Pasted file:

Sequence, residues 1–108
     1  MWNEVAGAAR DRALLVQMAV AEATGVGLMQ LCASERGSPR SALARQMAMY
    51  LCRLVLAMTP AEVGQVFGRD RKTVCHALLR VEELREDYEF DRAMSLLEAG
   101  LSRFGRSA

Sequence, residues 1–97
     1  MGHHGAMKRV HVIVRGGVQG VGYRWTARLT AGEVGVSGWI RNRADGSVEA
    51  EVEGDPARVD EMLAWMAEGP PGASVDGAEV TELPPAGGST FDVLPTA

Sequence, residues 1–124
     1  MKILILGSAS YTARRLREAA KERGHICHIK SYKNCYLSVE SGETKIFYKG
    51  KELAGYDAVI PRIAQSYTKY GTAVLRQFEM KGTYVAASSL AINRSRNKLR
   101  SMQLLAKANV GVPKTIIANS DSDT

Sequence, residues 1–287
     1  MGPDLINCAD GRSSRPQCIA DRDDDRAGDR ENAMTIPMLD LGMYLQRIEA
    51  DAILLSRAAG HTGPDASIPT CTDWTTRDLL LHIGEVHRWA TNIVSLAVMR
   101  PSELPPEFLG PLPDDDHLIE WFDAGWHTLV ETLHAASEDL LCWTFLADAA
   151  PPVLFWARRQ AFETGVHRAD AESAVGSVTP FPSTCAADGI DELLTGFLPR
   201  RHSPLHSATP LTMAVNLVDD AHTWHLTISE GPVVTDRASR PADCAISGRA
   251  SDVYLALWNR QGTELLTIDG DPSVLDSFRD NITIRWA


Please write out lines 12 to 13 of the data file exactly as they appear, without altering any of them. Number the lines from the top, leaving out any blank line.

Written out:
Sequence, residues 1–287
     1  MGPDLINCAD GRSSRPQCIA DRDDDRAGDR ENAMTIPMLD LGMYLQRIEA